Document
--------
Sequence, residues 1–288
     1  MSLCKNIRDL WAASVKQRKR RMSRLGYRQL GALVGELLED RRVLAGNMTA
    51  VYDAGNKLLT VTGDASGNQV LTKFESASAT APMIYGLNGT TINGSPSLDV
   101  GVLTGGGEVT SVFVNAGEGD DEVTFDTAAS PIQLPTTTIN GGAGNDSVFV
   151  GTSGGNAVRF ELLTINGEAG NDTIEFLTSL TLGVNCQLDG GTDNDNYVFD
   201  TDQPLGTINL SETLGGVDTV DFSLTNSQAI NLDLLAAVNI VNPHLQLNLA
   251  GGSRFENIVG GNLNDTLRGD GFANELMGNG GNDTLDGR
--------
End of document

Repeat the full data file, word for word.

Sequence, residues 1–288
     1  MSLCKNIRDL WAASVKQRKR RMSRLGYRQL GALVGELLED RRVLAGNMTA
    51  VYDAGNKLLT VTGDASGNQV LTKFESASAT APMIYGLNGT TINGSPSLDV
   101  GVLTGGGEVT SVFVNAGEGD DEVTFDTAAS PIQLPTTTIN GGAGNDSVFV
   151  GTSGGNAVRF ELLTINGEAG NDTIEFLTSL TLGVNCQLDG GTDNDNYVFD
   201  TDQPLGTINL SETLGGVDTV DFSLTNSQAI NLDLLAAVNI VNPHLQLNLA
   251  GGSRFENIVG GNLNDTLRGD GFANELMGNG GNDTLDGR